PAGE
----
An exit from the EU would have limited impact as far as the EU antitrust rules are concerned (Article 101 TFEU on anti-competitive agreements and Article 102 TFEU on abuse of a dominant position), because these rules apply equally to non-EU companies who carry on business in Europe or whose activities affect trade in Europe.
In addition, the UK competition rules (the Chapter I and Chapter II prohibitions of the Competition Act 1998) completely mirror the EU antitrust rules and businesses are therefore subject to a very similar regime where conduct has an impact in the UK only. However, one impact of a UK exit from the EU would be that there will be many more cases where both the EU and the UK could in parallel open an investigation and impose fines and other remedies for anti-competitive conduct affecting both the continuing EU and the UK. While the UK is within the EU it cannot investigate where the EU Commission takes jurisdiction. This could potentially add to risk and costs for affected businesses.
In respect of merger control, again the impact of an exit is likely to be parallel investigations. The EU Merger Regulation (EUMR) introduced a so-called one stop shop regime, under which a transaction that qualifies under the EUMR is no longer subject to the merger control regime(s) of the relevant Member State(s) (subject to some exceptions). If the UK is no longer a Member State, the EUMR and UK merger control regimes would run in parallel. A transaction that qualifies under the EUMR may also be subject to UK merger control (provided the jurisdictional threshold for UK merger control is met). This could add a burden and cost for businesses, in particular in view of the level of the UK merger fee (ranging from £40,000 to £160,000 depending on the UK turnover of the enterprises acquired) and the longer time frames for UK merger control clearance.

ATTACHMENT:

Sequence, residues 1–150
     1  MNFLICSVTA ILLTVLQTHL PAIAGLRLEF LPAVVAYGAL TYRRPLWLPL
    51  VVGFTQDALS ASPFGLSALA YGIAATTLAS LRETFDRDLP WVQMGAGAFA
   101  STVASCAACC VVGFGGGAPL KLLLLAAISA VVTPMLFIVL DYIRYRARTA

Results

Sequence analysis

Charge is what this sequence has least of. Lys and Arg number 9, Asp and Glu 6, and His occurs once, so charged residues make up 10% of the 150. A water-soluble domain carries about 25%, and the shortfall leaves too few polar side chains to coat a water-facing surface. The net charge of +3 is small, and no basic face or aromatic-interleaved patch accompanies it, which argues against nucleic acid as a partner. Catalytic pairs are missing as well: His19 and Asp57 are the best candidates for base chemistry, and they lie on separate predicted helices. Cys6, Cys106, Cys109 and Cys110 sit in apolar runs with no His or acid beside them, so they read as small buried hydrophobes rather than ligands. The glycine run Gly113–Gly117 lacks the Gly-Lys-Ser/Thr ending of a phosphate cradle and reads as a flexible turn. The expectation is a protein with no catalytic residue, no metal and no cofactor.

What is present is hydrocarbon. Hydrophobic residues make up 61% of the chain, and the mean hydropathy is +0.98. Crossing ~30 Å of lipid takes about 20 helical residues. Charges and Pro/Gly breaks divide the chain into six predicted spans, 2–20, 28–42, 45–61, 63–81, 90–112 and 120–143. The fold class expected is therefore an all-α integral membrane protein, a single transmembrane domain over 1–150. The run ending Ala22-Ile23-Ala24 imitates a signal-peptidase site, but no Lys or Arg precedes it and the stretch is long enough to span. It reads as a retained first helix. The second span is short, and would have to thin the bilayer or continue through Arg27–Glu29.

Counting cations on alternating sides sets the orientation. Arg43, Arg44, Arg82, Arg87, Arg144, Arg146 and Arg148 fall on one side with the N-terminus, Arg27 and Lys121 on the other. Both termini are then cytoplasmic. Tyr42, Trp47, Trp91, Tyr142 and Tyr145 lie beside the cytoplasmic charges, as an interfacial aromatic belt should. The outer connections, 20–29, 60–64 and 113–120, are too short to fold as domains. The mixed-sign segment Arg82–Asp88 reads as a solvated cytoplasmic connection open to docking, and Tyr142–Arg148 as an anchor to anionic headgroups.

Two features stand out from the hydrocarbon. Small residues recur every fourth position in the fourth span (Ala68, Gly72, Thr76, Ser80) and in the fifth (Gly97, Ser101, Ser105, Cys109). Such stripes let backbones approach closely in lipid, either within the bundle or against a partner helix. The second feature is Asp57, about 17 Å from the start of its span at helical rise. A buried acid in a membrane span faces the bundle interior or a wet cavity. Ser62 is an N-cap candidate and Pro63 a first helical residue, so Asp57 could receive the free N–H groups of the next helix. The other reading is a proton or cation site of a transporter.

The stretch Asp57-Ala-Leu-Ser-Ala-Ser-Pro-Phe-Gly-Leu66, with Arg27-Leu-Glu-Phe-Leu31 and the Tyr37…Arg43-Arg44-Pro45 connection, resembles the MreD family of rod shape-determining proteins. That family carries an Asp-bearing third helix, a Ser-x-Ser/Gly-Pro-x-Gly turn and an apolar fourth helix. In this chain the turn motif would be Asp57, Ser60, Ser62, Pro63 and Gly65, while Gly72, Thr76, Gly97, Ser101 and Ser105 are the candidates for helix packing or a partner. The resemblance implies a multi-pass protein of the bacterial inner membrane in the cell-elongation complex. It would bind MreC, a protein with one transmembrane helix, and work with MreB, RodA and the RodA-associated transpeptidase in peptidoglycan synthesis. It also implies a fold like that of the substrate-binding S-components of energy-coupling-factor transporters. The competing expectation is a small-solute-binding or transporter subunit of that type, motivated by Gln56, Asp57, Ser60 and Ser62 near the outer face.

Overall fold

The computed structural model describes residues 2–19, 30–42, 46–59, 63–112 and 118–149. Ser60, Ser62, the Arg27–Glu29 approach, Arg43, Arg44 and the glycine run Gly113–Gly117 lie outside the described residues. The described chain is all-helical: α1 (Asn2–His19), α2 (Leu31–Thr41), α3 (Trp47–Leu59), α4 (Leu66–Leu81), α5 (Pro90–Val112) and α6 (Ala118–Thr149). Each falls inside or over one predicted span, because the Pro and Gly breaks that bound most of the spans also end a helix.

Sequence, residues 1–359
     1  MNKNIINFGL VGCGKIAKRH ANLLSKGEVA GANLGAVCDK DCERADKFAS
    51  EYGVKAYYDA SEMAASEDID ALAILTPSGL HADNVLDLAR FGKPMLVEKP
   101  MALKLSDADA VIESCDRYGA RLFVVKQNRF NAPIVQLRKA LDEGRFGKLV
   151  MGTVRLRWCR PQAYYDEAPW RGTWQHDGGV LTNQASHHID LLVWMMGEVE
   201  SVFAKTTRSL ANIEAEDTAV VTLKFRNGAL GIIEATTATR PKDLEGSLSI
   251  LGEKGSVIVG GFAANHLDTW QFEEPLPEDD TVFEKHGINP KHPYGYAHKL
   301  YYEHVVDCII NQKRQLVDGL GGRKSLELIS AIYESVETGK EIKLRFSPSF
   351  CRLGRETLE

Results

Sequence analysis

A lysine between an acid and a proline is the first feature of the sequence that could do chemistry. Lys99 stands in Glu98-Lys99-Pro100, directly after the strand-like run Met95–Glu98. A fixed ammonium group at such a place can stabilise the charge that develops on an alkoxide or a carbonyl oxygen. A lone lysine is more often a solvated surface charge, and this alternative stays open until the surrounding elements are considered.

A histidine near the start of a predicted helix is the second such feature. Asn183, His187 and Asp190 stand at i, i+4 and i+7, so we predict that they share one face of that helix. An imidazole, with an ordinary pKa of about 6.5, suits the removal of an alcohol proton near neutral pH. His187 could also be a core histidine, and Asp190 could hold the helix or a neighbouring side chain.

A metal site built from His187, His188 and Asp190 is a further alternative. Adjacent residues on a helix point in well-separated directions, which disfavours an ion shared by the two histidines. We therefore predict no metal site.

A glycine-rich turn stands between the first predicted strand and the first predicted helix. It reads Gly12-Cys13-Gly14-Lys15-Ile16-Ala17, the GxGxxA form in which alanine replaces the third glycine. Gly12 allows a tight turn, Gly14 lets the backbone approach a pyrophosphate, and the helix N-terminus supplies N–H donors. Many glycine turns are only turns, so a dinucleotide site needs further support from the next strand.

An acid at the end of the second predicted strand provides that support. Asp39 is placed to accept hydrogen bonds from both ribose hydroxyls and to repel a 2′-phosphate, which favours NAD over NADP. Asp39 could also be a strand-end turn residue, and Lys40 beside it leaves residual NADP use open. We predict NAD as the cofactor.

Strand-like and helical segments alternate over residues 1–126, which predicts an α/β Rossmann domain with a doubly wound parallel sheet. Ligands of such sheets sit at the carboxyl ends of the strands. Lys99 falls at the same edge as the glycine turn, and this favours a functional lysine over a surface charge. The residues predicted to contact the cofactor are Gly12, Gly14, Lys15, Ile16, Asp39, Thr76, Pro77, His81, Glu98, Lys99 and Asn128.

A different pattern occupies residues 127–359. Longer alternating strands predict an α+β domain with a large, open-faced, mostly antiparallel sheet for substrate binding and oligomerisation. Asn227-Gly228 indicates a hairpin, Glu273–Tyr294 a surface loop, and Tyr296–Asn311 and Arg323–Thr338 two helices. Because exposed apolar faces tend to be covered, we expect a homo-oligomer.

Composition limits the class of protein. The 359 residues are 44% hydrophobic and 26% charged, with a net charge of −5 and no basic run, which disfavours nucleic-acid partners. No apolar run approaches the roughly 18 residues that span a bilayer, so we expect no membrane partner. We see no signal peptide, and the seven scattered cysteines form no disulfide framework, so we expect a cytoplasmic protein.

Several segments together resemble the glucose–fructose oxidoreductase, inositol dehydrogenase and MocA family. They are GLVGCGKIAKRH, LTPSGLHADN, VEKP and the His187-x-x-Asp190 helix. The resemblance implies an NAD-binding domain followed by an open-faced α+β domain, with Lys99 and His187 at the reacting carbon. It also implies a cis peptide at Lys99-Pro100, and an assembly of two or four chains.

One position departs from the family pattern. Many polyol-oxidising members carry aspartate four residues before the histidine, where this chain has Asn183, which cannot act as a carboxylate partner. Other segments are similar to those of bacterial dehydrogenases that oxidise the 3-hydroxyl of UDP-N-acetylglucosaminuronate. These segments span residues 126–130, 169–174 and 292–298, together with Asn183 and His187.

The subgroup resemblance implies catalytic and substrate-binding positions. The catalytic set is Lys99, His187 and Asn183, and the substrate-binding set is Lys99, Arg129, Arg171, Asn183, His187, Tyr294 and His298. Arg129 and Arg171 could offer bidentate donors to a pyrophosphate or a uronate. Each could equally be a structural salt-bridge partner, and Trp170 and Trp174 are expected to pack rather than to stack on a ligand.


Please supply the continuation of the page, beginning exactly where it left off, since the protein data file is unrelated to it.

If the UK were to join EFTA and the EEA, a third body, the EFTA Surveillance Authority, would have jurisdiction over certain mergers (e.g. a merger of energy businesses operating only or largely in Norway and the UK).
On the other hand, unless the UK joins EFTA, EU State aid rules would cease to apply in the UK and only somewhat more limited rules in the WTO agreement would apply. This is a sovereignty related issue and the UK government would likely choose to keep any flexibility gained from this change.
The same structural outcome applies to public procurement rules. However, the UK currently has quite stringent procurement rules of its own supplementing the EU regime and might chose to adopt its own public procurement rules and enforcement regime closely based on current EU law.